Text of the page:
‘I never felt the death of him’

Michael Ohlsson and his wife Michelle, sit in front of a portrait of their son Matthew, who disappeared from their home 21 years ago.

The family of Matthew Ohlsson, who disappeared from their Westridge home, almost 21 years ago, hosted an honouring celebration for his 30th birthday on Saturday February 24.

The last person to have seen him, older sister, Melanie, 31, saw him through a window, after he had asked permission to move the family bin, which was standing outside.

That was in 1997 exactly a month after his ninth birthday.

On the eve of his birthday, Friday February 23, his mother Michelle, 50, and father Michael, 53, told the Plainsman of their family tradition to wake the birthday girl or boy up at midnight, with a cake or ice cream in hand and to sing for them.

Just as Ms Ohlsson had known her son was alive inside her belly, when she went for a check-up at Groote Schuur Hospital in 1988, she knows he is still alive today.

“He is an adult now but he always loved and looked forward to his birthday,” she said.

“I never felt the death of him and that is what pushed me not to give up on him,” she said.

Mr Ohlsson said Matthew would have tried to stay up until midnight. But Ms Ohlsson ran a tight ship and her children – Melanie, Justin, 27, Jason, 23, and foster daughter Jessica, 30, would be in bed by 8pm.

Bedtime for her four other foster children remains the same.

Ms Ohlsson said her family used to tease her about holding her children close. But her daughter now realises the responsibility of having to be a parent to 11-month-old Alexis. And Jessica has a five-year-old daughter.

Matthew could walk at nine months and loved cream cake, his mother recalled.

“He was a very stubborn child. He was cheerful and joyful but don’t make him cross, he will show you,” she said.

Mr Ohlsson said Matthew was a little handyman. “He loved to fix things. He would do spare jobs, with me on weekends,” he said.

Mr Ohlsson described his wife as a “mother hen”, who kept her children close and that their children would not leave the house without permission.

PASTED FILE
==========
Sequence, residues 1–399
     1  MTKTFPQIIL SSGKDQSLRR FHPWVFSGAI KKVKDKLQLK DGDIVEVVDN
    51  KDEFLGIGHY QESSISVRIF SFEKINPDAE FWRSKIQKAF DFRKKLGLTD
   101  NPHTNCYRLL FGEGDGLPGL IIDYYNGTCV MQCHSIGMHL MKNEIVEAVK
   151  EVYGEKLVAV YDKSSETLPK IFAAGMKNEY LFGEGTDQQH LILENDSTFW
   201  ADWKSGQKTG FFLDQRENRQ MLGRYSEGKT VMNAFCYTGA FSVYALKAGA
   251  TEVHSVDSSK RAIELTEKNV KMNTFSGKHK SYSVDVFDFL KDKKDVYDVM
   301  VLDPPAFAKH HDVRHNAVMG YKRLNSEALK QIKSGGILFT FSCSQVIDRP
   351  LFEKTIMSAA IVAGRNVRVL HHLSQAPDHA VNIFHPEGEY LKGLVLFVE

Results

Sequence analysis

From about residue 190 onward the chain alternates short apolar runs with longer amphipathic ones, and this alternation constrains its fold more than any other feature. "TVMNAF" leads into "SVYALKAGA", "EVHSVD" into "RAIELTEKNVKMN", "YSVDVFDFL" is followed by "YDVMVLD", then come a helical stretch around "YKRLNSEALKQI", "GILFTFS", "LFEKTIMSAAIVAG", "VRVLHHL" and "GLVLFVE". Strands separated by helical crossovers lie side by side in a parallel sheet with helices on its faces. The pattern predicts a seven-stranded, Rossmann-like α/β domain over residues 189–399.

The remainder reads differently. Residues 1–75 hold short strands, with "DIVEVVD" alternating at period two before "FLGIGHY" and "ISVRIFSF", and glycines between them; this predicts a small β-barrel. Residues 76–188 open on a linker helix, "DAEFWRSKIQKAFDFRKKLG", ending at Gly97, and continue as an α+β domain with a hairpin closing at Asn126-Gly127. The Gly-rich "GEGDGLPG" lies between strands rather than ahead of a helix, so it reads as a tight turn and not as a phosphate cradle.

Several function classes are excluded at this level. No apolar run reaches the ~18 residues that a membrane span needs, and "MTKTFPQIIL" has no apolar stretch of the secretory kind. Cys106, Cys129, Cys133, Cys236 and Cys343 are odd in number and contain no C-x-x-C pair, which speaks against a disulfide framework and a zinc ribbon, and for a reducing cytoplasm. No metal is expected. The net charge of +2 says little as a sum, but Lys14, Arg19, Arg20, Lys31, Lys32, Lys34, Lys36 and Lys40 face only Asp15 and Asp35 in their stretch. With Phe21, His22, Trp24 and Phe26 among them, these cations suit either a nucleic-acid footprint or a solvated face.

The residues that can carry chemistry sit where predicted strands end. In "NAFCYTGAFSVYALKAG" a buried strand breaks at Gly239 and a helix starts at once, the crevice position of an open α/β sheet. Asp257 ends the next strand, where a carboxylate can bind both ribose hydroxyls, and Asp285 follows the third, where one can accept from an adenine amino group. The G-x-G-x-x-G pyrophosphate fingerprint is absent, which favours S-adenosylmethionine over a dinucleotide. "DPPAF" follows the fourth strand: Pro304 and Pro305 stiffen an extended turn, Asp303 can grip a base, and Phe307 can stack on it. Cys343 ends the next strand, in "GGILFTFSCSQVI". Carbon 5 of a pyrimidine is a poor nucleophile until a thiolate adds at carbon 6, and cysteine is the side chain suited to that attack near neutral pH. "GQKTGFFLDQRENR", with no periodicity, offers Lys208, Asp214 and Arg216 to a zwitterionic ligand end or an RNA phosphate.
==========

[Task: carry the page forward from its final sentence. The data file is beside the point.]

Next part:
Speaking about Matthew’s disappearance, she said: “This is not a nice journey. So, many people have things to say about you. How you should feel and you should leave it in God’s hands. Everything happens for a reason.

“But they have never been in my shoes. They do not know the turmoil in my mind and heart,” she said.

Ms Ohlsson said she thinks of her son and she wonders what kind of mother she would have been to him.

“He is a grown man and I want to know what really happened,” she said.

She said life does not go on and at first she was at loggerheads with her immediate family. “I thought they did not care,” she said.

Ms Ohlsson often went to the police’s Family Violence, Child Protection and Sexual Offences (FCS) unit to ask about the investigation of her son.

Ms Ohlsson said many people did not know what to say to parents, whose children had gone missing.

In fact, she said, they did not have to say anything. Their presence was enough. “There are many times that I feel I do not have a handle on things.

“If it wasn’t for the help of God. This thing can drive you nuts,” she said.

She said her son knew not to go with strangers.

“The person who took him must have known him,” she said.

Ms Ohlsson said until there is a body, she will believe her son is alive.

“I’m looking for the end, the outcome. Nothing and no one will stop me. I’m held back by not knowing what happened to Matthew,” she said.

“This book cannot be closed. This chapter cannot be closed,” she said.

In 1999, when the Cape Flats was plagued by a spate of child abductions, the Ohlsson couple started Concerned Parents for Missing Children, an NGO which helps parents cope after their children disappear and also looked for missing children.

They handled 400 cases and had an 85% success rate, which Ms Ohlsson attributed to them following their parental instincts and not as a routine case.

“Every family who has a missing person has his or her story so tell,” Ms Ohlsson said.

While the organisation no longer operates, the Ohlssons still do telephonic referrals.